Master Bond Case Study


In the coming decades, global freshwater shortages will pose a significant hazard for humanity. Not only is clean, fresh water critical for essential human life, but our ever expanding industrial and agricultural footprint further increases the demand for freshwater. A combination of factors including population growth, the destruction of natural reservoirs, industrial pollution and the impacts of climate change will see water as one of the most important commodities of the 21st century. Reverse osmosis (RO) water treatment utilizes hydraulic pressure and a semipermeable membrane to separate 90-99% of the total dissolved solids (TDS) from the feed water supply.1 Critically, reverse osmosis allows for the desalinization of brackish water and sea water; salt-laden water represents 97.5% of all water on earth, thus reverse osmosis treatment greatly increases the potential freshwater supply. Challenges with reverse osmosis include high energy costs and the deleterious effects of scaling that occur over the operating cycle. Scaling is a particular problem requiring chemical pre-treatment as well as costly chemical cleaning processes to extend the life of the membranes. Figure 1 (in the downloaded file) illustrates a schematic cut-away of a spiral-wound-element (SWE) reverse osmosis membrane. The design and construction of the feed channel spacer as well as the semipermeable membrane itself is critical to producing an efficient and long-lasting solution for water treatment.

The use of reverse osmosis treatment has tripled since 2000 with over 16,000 water treatment plants in operation worldwide.2 Reverse osmosis now represents 65% of the desalinization market while consuming 90% less energy than desalinization via distillation. Osmosis is a spontaneous process wherein two solutions differing in concentration and separated by a semipermeable membrane experience diffusion of solvent molecules from the solution of lower solute concentration to the solution of higher solute concentration. Reverse osmosis utilizes hydraulic pressure on the feed solution to overcome the osmotic potential leading to the purification and diffusion of water molecules across the semipermeable membrane.

Fouling of the membrane is one of the key challenges of operating reverse osmosis treatment plants. Alleviation of fouling may require expensive chemical pre-treatment as well as costly cleaning procedures. Factors that contribute to fouling of the membrane include the concentration of the solution at the liquid-membrane interface as well as the design of the feed spacer. Constructed from a simple diamond-shaped mesh, the feed spacer separates the membrane leaves and guides the water flow as it diffuses through the membrane. The researcher, Jeremy Walker, as part of a doctoral thesis in civil engineering at Wayne State University, conducted a series of studies to improve the design of the feed channel spacer used in reverse osmosis membranes.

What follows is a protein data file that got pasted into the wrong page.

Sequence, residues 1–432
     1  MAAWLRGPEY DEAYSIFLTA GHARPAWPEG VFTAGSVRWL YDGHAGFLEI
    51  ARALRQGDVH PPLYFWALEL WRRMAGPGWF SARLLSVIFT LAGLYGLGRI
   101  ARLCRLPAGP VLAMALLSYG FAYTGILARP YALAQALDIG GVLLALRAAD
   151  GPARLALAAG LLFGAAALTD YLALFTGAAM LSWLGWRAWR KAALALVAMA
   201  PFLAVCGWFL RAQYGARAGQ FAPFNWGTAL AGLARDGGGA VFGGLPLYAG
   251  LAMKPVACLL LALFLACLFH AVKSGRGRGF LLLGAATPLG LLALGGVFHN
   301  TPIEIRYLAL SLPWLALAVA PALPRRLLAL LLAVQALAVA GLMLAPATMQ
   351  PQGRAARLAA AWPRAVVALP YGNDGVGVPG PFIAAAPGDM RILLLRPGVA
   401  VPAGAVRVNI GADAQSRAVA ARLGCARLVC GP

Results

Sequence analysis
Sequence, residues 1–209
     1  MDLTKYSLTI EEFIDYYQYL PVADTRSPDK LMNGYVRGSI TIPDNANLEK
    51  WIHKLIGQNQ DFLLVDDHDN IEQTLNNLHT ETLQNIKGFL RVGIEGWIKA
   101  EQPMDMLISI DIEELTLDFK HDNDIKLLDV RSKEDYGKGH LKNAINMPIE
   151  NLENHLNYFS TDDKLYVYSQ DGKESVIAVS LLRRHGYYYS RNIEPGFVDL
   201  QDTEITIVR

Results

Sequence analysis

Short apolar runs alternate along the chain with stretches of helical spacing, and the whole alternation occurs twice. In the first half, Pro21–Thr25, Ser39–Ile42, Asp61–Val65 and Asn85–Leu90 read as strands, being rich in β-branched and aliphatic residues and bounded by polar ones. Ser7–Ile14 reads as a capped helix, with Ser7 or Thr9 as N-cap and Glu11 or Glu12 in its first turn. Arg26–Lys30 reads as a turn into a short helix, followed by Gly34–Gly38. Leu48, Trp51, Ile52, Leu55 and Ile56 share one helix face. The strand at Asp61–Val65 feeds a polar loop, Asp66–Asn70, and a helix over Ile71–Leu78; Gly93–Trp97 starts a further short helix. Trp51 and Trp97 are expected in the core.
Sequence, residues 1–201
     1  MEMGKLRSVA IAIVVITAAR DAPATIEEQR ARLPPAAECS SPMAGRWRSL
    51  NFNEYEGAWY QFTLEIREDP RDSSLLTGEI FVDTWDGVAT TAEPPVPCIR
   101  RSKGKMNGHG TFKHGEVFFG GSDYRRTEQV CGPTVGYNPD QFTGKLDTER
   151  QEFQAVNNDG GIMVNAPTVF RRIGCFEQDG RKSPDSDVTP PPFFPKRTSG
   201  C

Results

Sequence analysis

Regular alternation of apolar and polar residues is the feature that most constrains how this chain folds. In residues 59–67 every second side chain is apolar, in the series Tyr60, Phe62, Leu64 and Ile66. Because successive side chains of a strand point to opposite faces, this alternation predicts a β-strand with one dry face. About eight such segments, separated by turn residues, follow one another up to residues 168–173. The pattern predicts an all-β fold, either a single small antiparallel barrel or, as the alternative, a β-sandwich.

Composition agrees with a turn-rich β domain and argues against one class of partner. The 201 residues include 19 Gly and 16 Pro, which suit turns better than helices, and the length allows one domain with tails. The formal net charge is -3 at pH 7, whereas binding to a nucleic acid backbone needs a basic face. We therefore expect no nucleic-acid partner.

The goal of these studies sought to design a feed spacer with reduced fouling and enhanced de-scaling properties during membrane cleaning2. Master Bond UV15TK, a UV-curable epoxy with a relatively high modulus, was chosen for use as a 3-D printing material to directly print micromixer elements of an optimal design onto the semipermeable membrane itself. Fluid dynamic modeling was performed to determine the optimal geometry of the chevron pattern. Optimal flow velocity and turbulent mixing decreases the tendency for scale formation, crystallization of solute species, and decreases the effects of fouling. Figure 2 (in the downloaded file) shows a standard industrial mesh feed spacer and the optimized 3-D printed micromixer elements comprised of UV-cured Master Bond UV15TK epoxy. Studies compared performance between the 3-D printed micromixer elements and the industry standard mesh with respect to fouling tendency and reverse-flow de-scaling.

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1E. Maynard, C. Whapham, in Decontamination in Hospitals and Healthcare (Second Edition), 2020. URL: Accessed: 08/20/2022.

2J. Walker. 2018. ‘Analysis of Micromixers to Minimize Scaling Effects on Reverse Osmosis Membranes.’ Doctor of Philosophy in Civil Engineering. Wayne State University. Detroit, Michigan. URL: Accessed: 08/20/2022.

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